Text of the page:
Admiral Verghese Koithara in his book, Managing India’s Nuclear Forces, says he is uncertain whether Cold Start has apex political support. The Army sometimes makes ambivalent comments about Cold Start but Pakistan is worried because of the resultant stability-instability paradox. This theory states that ‘when two countries have nuclear weapons, the probability of direct war between them decreases, but the probability of smaller conflicts between them increases’. The Cold War USA-Soviet example is of no direct war between them but proxy wars in Korea, Vietnam and Afghanistan. Cold Start exploits this paradox and Pakistan seeks denial by using tactical nukes.
The question arises: What is it about Cold Start that has Pakistan in such paranoia? In Pakistani perception, it allows India to launch up to eight IBGs from holding corps into shallow offensive operations, even as strike corps mobilise from hinterland garrisons. This IBG offensive taking off from a literal zero warning would be supplemented with lethal weapons such as Brahmos, Nirbhay ALCMs and Prahaar/Pragati ballistic missiles. Such ‘lightning’ action would upset the Pakistani deployment and reaction calculus.
Reviving the Cold War hypothesis, Pakistan says its sophisticated 60-km range Nasr Hatf IX multi-tube TNW-enabled ballistic missile is an antidote to the Cold Start. Pakistan’s Inter Services Public Relations Directorate (ISPR) claims that Nasr adds ‘deterrence value to Pakistan’s strategic weapons development program’ and carries ‘nuclear warheads of appropriate yield/accuracy with shoot-and-scoot attributes’. It suggests that Pakistan has a single integrated operational plan (SIOP) that marries up TNW usage with conventional warfare command and control; a claim watchers find implausible except with a pinch of Pakistani Khewra rock-salt.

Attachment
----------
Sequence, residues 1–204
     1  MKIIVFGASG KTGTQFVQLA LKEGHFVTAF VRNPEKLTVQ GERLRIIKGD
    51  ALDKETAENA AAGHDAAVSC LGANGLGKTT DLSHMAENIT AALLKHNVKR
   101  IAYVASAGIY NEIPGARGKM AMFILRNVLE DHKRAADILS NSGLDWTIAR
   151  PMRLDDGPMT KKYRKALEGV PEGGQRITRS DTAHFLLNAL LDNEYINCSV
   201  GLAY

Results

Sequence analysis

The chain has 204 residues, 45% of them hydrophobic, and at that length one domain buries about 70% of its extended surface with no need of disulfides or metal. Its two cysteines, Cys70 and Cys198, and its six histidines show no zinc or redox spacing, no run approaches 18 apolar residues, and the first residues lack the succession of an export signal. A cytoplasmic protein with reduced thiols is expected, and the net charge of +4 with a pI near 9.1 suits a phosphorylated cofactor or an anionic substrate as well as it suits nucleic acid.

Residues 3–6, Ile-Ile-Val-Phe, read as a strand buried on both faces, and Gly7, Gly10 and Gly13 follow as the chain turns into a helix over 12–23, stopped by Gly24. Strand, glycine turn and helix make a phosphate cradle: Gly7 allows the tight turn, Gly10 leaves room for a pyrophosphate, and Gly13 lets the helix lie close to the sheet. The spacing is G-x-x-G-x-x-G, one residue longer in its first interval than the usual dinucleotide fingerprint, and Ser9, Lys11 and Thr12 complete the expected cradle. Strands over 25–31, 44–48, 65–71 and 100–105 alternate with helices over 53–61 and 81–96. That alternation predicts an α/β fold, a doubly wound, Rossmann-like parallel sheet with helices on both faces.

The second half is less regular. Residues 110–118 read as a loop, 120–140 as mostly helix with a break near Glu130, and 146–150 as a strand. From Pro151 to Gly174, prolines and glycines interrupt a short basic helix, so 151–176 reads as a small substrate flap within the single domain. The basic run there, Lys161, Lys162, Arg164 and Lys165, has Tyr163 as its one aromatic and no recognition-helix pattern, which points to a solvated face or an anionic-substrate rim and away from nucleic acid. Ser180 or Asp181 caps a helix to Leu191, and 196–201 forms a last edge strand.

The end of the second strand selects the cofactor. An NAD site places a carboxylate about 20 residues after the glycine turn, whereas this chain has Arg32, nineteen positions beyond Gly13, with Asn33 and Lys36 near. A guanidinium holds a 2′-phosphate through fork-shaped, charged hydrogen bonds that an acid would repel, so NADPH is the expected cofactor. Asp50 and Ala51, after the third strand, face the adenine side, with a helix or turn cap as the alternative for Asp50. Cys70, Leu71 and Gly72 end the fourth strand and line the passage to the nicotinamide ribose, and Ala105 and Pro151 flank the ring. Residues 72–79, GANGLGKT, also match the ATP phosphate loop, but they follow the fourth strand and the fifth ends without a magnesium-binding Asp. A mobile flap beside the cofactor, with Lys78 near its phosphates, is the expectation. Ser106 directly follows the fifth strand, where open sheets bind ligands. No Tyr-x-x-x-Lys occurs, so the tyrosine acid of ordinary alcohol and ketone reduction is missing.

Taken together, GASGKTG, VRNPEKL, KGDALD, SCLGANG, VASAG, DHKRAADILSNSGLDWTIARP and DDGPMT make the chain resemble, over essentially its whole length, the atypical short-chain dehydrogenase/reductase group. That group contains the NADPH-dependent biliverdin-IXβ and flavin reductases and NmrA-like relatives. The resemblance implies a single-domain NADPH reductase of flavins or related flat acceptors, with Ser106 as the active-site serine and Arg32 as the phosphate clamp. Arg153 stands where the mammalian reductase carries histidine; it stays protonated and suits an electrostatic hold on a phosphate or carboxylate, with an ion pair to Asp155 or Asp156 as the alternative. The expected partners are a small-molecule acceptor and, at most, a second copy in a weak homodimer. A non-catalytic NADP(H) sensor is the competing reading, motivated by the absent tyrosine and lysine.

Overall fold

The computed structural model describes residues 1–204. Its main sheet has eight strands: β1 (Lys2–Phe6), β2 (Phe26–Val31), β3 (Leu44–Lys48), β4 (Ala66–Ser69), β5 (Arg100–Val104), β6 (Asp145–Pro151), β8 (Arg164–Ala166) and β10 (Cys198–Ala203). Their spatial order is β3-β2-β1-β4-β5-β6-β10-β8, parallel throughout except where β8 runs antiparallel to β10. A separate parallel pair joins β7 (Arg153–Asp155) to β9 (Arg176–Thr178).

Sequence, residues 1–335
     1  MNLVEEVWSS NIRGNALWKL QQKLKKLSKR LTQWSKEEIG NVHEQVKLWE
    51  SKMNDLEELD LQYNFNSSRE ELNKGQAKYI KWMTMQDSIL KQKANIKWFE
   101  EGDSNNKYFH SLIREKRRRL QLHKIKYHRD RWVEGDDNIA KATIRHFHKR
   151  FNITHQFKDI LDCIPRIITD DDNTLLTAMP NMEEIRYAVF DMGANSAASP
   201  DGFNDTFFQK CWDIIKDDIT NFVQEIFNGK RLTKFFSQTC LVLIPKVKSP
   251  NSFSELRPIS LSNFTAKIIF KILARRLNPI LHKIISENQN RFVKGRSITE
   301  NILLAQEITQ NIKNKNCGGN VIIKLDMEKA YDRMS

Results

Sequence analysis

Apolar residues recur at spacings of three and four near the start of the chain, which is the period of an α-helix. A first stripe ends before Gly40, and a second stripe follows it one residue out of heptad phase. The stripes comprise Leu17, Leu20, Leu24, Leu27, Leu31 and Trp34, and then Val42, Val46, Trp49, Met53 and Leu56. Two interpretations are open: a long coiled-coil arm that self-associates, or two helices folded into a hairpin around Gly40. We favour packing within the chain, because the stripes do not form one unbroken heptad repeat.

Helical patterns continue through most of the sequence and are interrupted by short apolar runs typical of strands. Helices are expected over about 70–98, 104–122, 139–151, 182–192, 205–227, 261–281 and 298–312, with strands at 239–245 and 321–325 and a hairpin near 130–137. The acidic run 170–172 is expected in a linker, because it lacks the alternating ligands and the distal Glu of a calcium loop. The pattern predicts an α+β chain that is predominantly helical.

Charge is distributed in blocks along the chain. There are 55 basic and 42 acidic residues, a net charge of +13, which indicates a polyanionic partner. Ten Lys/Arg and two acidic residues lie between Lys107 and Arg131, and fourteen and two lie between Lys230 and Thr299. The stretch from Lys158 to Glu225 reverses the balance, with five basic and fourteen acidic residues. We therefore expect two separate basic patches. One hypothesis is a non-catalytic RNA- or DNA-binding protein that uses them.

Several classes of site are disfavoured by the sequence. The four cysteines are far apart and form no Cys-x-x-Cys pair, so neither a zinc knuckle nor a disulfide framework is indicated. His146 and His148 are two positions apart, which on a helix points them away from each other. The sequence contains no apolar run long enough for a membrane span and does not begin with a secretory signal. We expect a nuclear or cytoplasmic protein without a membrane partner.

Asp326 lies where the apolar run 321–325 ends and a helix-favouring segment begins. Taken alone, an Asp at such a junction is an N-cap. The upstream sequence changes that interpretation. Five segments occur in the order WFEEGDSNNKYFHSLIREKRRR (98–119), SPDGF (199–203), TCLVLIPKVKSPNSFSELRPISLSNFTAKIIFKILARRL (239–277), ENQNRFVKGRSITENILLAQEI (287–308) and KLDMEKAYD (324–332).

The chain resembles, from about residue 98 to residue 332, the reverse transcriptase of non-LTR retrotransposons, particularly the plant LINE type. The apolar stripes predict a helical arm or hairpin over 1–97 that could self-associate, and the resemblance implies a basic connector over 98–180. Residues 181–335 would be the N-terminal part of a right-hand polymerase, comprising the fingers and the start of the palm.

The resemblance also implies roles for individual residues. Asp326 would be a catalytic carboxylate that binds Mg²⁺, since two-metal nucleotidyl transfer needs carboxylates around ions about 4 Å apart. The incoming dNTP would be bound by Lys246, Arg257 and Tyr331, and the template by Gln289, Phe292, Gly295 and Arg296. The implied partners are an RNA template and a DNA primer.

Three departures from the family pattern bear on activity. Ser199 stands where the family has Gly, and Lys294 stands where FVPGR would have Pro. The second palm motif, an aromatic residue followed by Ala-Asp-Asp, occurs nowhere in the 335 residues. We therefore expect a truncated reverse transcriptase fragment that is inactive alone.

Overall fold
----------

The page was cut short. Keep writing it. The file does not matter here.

Long-serving Strategic Plans Division (SPD) head, Lt Gen Khalid Ahmed Kidwai, in 2015, said Nasr enhanced deterrent capability ‘at all levels of the threat spectrum’. He said ‘having tactical nuclear weapons would make war less likely’. Air Commodore Adil Sultan, Director Research, SPD, however, claims that Pakistan’s TNW posture is a repeat of the Cold War stance. He quotes General Kidwai who claims that Nasr effectively ‘pours cold water on Cold Start’. Albert Mauroni, a US analyst, also supports this TNW construct.
Analyst Vipin Narang, MIT-based nuclear analyst, writes that even as the majority of Pakistani strategists see the TNW mindset as providing ‘full-spectrum deterrence’ and a counterweight to deter Cold Start ambitions, others like former SPD, Brigadiers Naeem Salik and Feroz Khan doubt whether Pakistan has the ‘wherewithal for battlefield management and escalation control’. Analyst Micheal Krepon backs the majority global view that TNWs are ‘unwise’ and ‘strategically unsound’. This opinion is reinforced by simulation studies of TNW hit tank losses which have been found insignificant. This is because the overpressure of 45psi needed to destroy tanks will need a literal rain of TNWs which is not possible.
Let ‘tactical’ nuclear weapons be Pakistan’s favourite oxymoron even as the newly-formed Defence Planning Committee refines NFU/Cold Start. Work is also needed on our SIOP for the time when the nuclear armageddon dawns.